Technology and artificial intelligence are already changing the way physicians are practicing medicine.  As advancements continue across the spectrum of care, the question to be answered will be how physicians can most effectively learn and interact with the technologies to continually improve patient care.

If you are looking to take your physician career to the next level, partner with a firm that can offer a nationwide reach and decades of leading industry experience, contact Jackson Physician Search and speak with one of our recruitment professionals today.

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Top Issues Challenging Academic Medicine: Seven Key Takeaways from The AAMC Annual Meeting 2019

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From November 9th through the 12th, I attended The AAMC Annual Meeting, “Learn, Serve, Lead” in Phoenix, Arizona.  Along with over 4,800 of my colleagues, we participated in a variety of workshops, round table discussions, and presentations by distinguished healthcare industry leaders.  The topics presented ranged from racial and economic injustice to partisan gridlock, and innovative solutions to combat burnout and other healthcare industry challenges.  There are several key trends taking shape in our world, as well as many questions that need to be answered in the coming months and years. Here are seven key takeaways from this year’s AAMC Annual Meeting.

  1. The 2019 AAMC data suggests an even more dire physician shortage of 46,900 – 121,900 physicians by 2032 – we must recognize this presents both a rural AND urban staffing challenge. It’s easy to fall victim to the rural versus urban mindset as one studies the physician shortage challenge. Yet, as we dig further into the data, it’s clear the shortage is affecting all areas. We all must address the HPSAs and other dimensions to find a solution that provides better access to care for all Americans.
  2. Succession planning within academic medical institutions and medical schools – administrators and physicians are on different pages. Succession planning can be a tough conversation, but it is critical for strategic planning and quality patient care. Remaining flexible is very important to physician leaders and physicians when it comes to retirement and succession planning, but neither group can agree on what that looks like. For example, in surveys, 42% of physician respondents would like part-time teaching roles, yet just 70% of the institutions provide that option. It was also interesting to discover that 32% of faculty respondents identified burnout as a retirement factor, yet 57% of the institutions cited physician burnout as the main retirement factor. Also, surprisingly, in spite of an aging population, only 43% of medical schools reported having a formal retirement policy.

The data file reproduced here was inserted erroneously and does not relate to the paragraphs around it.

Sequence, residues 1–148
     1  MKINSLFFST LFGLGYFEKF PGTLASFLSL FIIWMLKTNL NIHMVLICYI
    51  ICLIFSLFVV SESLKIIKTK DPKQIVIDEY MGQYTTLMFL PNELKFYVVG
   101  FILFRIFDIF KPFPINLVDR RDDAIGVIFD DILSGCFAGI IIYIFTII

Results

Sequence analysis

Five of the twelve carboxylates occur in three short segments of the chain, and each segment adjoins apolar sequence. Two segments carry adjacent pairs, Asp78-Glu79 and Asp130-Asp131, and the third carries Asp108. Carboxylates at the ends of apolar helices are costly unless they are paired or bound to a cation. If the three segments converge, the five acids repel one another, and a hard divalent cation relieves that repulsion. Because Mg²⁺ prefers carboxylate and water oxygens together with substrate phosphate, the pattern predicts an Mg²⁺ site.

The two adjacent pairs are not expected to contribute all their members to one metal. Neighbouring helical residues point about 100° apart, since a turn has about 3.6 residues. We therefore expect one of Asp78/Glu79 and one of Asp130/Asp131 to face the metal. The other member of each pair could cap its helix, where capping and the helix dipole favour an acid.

3. Telehealth is now a possibility for all communities, as CMS is releasing new telehealth payment parity in 2020. We can expect that payment parity will result in higher demand and an increase in access points. Today, 95% of medical students are interested in learning more about telemedicine. The technology is clearly becoming a viable, collectible solution, but the unanswered question is facilitating physician training.  With overloaded schedules through UME and GME, the question, “how and when do physicians receive telemedicine training?” is what everyone is asking.
  4. The relationship between the paired leaders of the Academic Enterprise and the Clinical Enterprise impacts everything from budgets, expectations, retention, and culture. As a top-down driven function, trust, communication, and transparency between enterprise leadership groups are more important than ever. Cultivating this working relationship ultimately impacts the success or failure of key service lines and departments.
  5. Trends show that growth strategies should be value-based versus price-extractive, meaning we grow by being better and not by getting bigger. This is done by leveraging cost, quality, and service advantages. The success factors include: an increasing share of covered lives, competing based on outcomes, minimizing total cost, assembling the network, offering convenience, and, of course, expanding access to care.